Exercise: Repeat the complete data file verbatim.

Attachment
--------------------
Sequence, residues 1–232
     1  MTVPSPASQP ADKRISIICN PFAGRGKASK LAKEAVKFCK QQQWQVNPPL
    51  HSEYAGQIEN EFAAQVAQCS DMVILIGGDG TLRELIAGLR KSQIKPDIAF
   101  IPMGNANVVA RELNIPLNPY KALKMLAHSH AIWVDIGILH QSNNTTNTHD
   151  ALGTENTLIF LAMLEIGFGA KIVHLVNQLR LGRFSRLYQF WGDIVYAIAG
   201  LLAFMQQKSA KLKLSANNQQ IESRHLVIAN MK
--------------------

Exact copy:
Sequence, residues 1–232
     1  MTVPSPASQP ADKRISIICN PFAGRGKASK LAKEAVKFCK QQQWQVNPPL
    51  HSEYAGQIEN EFAAQVAQCS DMVILIGGDG TLRELIAGLR KSQIKPDIAF
   101  IPMGNANVVA RELNIPLNPY KALKMLAHSH AIWVDIGILH QSNNTTNTHD
   151  ALGTENTLIF LAMLEIGFGA KIVHLVNQLR LGRFSRLYQF WGDIVYAIAG
   201  LLAFMQQKSA KLKLSANNQQ IESRHLVIAN MK